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Parthenia (Mauretania) is located in Algeria
Parthenia (Mauretania)
Approximates location of Parthenia in modern Algeria

Parthenia was a RomanBerber town in the former Roman province of Mauretania Sitifensis, the easternmost part of ancient Mauretania. It was located in what is now northern Algeria.[1][2]


Map of Roman North Africa

Parthenia is one of the Maghreb cities of the Roman period whose toponym recalls the cognomen of a prominent family; usually of the patrician class, in this case the family of the Parthenii.[3]

The Notitia Provinciarum et Civitatum Africae, part of Victor Vitensis's Historia persecutionis Africanae Provinciae, temporibus Geiserici et Hunirici regum Wandalorum, mentions Parthenia among the bishoprics of Mauretania Sitifensis. It says that the bishop Rogatus was one of those exiled by the Vandal king Huneric when he took action against the Catholic bishops in his dominions. Morcelli remarks that he could find no other mention of Parthenia in the works of the ancient geographers or other writers.[2]

A writer on the website Partenia places the site of the ancient town and bishopric that it calls Partenia in modern Sétif Province, directly south of the city of Sétif, but says the town's exact location is unknown, since it has disappeared beneath the sand.[4] No other map of Roman North Africa attempts to indicate where it stood. The detailed map of ancient Africa and Mauretania made available on the Internet by the Associazione Storico-Culturale S. Agostino shows no town of similar name.[5] The name that comes closest (in that it includes four of the nine letters of the word "Parthenia" but obviously has no relation to the Parthenii family) is "Ad Partum" in an 1842 map of ancient Africa, Numidia, and part of Mauretania by the father and son Lapie. Ad Partum lay to the east of ancient Setifis, southeast of Cuiculum and southwest of Cirta.


Parthenia is also a titular see of the Roman Catholic Church.[6] It could be described as the most active titular see in the world due to the online activities of its current bishop, Jacques Gaillot.

In February 484, Rogatus, Bishop of Parthenia, was one of the Catholic bishops whom the Arian Vandal Huneric summoned to a meeting at Carthage and then exiled.[2][7]

No longer a residential bishopric, Parthenia is now listed by the Catholic Church as a titular see.[1]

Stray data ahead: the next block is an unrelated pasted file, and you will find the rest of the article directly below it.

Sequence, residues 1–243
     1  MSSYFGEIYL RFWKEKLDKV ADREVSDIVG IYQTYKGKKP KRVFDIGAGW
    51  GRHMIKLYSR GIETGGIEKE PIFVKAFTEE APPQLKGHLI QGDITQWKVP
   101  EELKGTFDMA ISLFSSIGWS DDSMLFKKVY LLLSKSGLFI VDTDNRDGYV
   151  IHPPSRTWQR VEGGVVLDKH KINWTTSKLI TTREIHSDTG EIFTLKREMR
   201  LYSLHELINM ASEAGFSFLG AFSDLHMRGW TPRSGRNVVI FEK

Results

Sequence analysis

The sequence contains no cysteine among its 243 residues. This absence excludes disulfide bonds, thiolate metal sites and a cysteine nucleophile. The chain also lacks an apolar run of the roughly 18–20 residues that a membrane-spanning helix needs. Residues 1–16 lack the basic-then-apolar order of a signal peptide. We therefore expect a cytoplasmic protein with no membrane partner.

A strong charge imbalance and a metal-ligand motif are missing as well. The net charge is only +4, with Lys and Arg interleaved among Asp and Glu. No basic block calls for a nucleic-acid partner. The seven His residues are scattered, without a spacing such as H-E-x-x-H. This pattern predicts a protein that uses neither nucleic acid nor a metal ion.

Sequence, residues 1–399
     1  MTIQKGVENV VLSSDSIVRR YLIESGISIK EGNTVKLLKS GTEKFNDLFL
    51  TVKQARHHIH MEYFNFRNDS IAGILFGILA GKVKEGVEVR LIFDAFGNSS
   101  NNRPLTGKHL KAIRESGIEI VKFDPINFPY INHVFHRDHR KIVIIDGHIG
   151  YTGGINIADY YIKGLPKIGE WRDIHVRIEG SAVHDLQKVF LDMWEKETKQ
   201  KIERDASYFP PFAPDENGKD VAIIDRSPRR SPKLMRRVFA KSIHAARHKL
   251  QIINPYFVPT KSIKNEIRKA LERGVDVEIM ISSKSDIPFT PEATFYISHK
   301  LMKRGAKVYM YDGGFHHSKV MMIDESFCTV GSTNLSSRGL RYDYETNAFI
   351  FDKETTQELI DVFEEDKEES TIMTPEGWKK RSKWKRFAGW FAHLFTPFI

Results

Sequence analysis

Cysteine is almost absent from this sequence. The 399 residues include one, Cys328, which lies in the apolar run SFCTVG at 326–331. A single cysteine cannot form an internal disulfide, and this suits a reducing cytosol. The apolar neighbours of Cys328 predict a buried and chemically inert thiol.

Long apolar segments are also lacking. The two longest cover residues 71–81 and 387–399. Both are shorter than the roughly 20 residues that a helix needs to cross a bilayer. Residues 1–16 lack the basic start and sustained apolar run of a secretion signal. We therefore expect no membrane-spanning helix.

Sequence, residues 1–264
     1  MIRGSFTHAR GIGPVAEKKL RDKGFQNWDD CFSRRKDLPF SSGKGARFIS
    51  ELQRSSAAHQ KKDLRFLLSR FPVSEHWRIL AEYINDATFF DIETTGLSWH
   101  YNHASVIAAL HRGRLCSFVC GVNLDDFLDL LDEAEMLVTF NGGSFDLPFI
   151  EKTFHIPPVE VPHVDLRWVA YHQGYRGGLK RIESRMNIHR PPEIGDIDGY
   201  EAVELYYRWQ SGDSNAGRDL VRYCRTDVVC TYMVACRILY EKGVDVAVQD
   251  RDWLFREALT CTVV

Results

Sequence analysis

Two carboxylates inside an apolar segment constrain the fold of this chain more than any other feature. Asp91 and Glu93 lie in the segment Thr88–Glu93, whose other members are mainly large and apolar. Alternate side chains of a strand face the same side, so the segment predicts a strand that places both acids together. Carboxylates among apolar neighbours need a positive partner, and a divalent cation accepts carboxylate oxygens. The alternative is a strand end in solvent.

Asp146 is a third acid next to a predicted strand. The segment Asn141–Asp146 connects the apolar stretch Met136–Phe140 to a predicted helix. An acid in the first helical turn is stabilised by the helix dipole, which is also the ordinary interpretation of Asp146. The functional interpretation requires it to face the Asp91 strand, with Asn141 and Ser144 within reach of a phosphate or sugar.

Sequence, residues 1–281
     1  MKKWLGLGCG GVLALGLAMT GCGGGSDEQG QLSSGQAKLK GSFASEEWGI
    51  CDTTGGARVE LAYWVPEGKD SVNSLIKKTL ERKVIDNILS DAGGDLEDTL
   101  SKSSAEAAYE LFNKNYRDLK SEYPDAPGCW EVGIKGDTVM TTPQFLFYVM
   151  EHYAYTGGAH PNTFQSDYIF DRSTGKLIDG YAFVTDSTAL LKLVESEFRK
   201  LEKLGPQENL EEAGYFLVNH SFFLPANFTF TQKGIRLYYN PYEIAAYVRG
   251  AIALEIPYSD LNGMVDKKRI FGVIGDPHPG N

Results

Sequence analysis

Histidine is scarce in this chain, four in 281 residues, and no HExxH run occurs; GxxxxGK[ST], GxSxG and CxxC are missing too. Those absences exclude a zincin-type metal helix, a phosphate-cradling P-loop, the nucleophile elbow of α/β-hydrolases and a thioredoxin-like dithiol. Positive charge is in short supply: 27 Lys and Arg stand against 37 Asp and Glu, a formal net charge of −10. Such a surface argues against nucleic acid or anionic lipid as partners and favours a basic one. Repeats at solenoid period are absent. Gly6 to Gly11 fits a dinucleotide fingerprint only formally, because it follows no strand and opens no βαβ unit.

Past bishops

Virtual see of Partenia

Logo of the Internet site of Partenia

The titular see of Parthenia was assigned to Bishop Jacques Gaillot when he was transferred on 13 January 1995 from the residential diocese of Évreux in France. Gaillot had been noted for his public expression of support for controversial church critic Eugen Drewermann,[9] married priests and the use of condoms and for taking a lenient view with regard to homosexual activity and procurement of abortion.

The other French bishops complained to him for breaching the confidentiality of the meetings of the episcopal conference and for voicing positions contrary to the Church's magisterium. The president of the conference appealed to him, "if not to retract, then at least to cease making declarations opposed to the teachings and doctrine of the Catholic Church".[10]

On his removal from the see of Évreux, Gaillot established an Internet site, called "Partenia", the Italian version of the name of his titular see, in which to express his ideas,[11] but ceased to write on it in 2010.[12]

See also


  1. ^ a b Annuario Pontificio 2013 (Libreria Editrice Vaticana, 2013, ISBN 978-88-209-9070-1), p. 950
  2. ^ a b c Morcelli, Stefano Antonio (1816). Africa Christiana: in tres partes tributa (in Latin). Betton. p. 253.
  3. ^ Mesnage, J. (1914). Évangélisation de l'Afrique. Alger: Adolphe Jourdan. p. 2. Retrieved 2015.
  4. ^ Haller, Edition K. "Partenia". Retrieved .
  5. ^ "Africa agostiniana: la numidia". (in Italian). Retrieved .
  6. ^ Anno Pontificio 20B (Libre Editria Vaticano, 2013) p950.
  7. ^ Fage, J. D.; Oliver, Roland Anthony (1975). The Cambridge History of Africa. Cambridge University Press. p. 481. ISBN 9780521215923. Huneric February 484.
  8. ^ Parthenia at Catholic-Hierarchy.
  9. ^ Eugen Drewermann, Jacques Gaillot, Der Traum von Menschlichkeit, ed. by Peter Eicher. Kösel, 1997; ISBN 978-2226075840.
  10. ^ "Provocateur or Prophet? the French Church & Bishop Gaillot". Commonweal. 1995-10-06.
  11. ^ "Partenia". Retrieved .
  12. ^ Haller, Edition K. "Partenia". Retrieved .


  • Jacques Gaillot: EGLISE VIRTUELLE, EGLISE DE L'AN 2000. Un évêque au royaume d'Internet. Editions Albin Michel, 7. Januar 1999, ISBN 978-2226106735
  • Laffi, Umberto. Colonie e municipi nello Stato romano Ed. di Storia e Letteratura. Roma, 2007 ISBN 8884983509
  • Mommsen, Theodore. The Provinces of the Roman Empire Section: Roman Africa. (Leipzig 1865; London 1866; London: Macmillan 1909; reprint New York 1996) Barnes & Noble. New York, 1996
  • Pierre Pierrard: A nous la parole : Partenia, dix ans. Harmattan 17. Oktober 2012, Kindle Edition, ASIN B00814BKFQ

  This article uses material from the Wikipedia page available here. It is released under the Creative Commons Attribution-Share-Alike License 3.0.



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